Existentialism is a philosophy that emphasizes our freedom to be whatever we want to be. While that sounds liberating, it is also exhausting, as we are left constantly thinking and challenging ourselves about what we should be and how we should be it. If you're looking for an introduction to existentialism, a great place to start is Sarah Bakewell's book, At the Existentialist Cafe, which looks at some of the key existentialist thinkers (though they never used that term about themselves), including Jean-Paul Sartre, Simone de Beauvoir and Albert Camus:
Below, you'll find all our book recommendation interviews relating to existentialism and existentialist thinkers:
Existentialist philosophy isn’t about bringing despair and angst into our lives, it’s about discovering our inner freedom, explains Sarah Bakewell, the author of At the Existentialist Café: Freedom, Being, and Apricot Cocktails. She recommends books to learn more about existentialism.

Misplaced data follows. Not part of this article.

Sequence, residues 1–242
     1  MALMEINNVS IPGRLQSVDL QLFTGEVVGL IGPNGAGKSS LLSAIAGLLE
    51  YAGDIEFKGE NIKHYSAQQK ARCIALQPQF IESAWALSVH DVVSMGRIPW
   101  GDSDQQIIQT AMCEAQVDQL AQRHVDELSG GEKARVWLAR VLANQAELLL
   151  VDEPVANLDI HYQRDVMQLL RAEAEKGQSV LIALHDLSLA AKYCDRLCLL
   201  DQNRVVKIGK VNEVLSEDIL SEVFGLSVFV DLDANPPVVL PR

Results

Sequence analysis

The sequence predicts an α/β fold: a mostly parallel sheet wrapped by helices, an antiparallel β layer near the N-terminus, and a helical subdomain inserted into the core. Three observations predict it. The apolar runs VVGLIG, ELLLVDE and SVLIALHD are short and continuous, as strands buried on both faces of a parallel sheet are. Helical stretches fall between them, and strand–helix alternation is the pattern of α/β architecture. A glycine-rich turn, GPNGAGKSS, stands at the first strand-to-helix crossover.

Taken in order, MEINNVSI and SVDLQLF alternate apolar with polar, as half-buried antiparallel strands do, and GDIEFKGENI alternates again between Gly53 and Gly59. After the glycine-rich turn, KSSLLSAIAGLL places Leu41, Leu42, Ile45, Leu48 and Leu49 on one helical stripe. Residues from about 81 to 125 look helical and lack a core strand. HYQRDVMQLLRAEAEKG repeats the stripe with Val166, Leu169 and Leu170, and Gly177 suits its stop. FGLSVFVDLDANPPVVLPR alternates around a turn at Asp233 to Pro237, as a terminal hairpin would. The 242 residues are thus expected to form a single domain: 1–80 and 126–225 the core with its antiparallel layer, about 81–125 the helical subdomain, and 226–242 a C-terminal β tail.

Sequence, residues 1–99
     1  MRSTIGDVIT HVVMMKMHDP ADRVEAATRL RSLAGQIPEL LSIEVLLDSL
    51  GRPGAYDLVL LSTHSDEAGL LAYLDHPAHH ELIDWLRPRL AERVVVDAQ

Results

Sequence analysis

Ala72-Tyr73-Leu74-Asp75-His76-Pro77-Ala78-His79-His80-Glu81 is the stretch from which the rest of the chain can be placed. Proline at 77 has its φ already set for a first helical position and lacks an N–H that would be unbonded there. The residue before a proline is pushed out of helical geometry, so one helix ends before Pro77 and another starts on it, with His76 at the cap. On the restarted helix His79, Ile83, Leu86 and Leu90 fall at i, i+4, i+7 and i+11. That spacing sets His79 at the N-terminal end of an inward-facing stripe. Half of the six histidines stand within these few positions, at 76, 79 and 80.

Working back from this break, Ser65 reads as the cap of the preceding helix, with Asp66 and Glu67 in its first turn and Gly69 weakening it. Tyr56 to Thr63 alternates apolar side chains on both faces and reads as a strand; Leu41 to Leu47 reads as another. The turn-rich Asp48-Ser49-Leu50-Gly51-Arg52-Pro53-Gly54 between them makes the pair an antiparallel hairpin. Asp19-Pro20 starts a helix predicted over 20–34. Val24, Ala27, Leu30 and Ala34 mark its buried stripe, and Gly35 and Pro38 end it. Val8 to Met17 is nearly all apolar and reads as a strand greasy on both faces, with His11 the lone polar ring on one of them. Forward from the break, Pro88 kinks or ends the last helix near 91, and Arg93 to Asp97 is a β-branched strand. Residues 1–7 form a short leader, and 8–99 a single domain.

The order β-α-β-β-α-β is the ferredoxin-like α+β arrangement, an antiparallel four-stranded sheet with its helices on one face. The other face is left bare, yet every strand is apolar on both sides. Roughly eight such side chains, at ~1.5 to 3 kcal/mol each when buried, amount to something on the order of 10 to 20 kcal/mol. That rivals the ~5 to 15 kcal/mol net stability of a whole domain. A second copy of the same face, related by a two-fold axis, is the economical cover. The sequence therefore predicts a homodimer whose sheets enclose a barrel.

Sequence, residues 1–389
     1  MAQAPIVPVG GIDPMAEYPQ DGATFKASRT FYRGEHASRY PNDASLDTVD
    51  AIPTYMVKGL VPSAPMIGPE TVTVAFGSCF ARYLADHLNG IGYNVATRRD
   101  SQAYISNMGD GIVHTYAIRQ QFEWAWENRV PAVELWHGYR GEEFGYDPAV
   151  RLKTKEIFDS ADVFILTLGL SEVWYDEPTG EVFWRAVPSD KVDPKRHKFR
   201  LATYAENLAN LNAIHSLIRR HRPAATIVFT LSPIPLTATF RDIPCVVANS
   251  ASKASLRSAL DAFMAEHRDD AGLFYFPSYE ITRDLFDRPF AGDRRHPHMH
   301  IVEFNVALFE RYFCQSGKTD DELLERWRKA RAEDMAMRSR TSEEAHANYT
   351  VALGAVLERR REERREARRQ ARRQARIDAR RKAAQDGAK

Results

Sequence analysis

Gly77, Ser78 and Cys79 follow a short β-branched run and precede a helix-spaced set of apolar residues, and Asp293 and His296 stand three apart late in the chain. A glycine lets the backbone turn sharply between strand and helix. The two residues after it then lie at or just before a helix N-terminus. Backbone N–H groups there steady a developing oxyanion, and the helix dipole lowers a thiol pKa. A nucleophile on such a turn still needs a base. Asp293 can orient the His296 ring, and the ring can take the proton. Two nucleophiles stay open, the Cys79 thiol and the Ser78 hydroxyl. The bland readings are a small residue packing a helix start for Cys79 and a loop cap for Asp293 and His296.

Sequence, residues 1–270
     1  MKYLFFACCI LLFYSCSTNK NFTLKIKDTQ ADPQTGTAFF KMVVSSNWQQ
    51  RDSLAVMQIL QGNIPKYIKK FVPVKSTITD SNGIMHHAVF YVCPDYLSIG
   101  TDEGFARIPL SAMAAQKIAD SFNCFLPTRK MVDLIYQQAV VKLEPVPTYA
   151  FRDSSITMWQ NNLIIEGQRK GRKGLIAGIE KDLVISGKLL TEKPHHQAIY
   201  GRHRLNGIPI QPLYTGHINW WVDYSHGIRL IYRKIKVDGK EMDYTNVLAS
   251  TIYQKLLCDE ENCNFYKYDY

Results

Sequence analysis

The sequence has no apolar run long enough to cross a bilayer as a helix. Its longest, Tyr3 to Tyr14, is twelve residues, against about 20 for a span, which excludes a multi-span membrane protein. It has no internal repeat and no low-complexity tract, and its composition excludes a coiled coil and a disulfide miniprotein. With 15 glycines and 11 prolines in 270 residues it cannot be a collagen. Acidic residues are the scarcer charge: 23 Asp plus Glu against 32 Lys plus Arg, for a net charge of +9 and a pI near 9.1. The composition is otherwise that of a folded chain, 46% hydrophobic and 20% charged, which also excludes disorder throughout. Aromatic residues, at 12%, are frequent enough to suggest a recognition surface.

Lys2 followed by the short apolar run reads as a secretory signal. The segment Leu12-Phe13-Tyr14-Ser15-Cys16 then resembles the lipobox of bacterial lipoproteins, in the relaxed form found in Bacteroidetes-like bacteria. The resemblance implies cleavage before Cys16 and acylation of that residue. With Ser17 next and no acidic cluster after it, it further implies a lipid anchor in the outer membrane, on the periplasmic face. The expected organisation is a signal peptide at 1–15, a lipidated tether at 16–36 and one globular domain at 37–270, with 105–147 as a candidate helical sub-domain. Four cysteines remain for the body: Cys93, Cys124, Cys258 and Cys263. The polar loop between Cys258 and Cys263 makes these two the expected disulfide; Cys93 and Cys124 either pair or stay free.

Albert Camus was born in northern Algeria in extreme poverty, but went on to become one of the best-known French philosophers of the 20th century. In 1957, he won the Nobel Prize in Literature for illuminating “the problems of the human conscience in our times.” Here, Camus expert Jamie Lombardi talks us through the books that best capture his work and the moral dilemmas he sought to explore.
Simone de Beauvoir is remembered today as the pioneering feminist author of The Second Sex and a close companion of Jean Paul Sartre. But the scope of her intellectual contribution has long been underestimated, argues her latest biographer Kate Kirkpatrick, who offers an introduction to the landscape of Beauvoir’s works, from fiction to philosophy to life writing.
As questions of identity become a focus of political debate, interest in existentialism has been booming once more. Here, the philosopher Jonathan Webber discusses five classic books dealing with existentialist themes that deserve a bigger audience.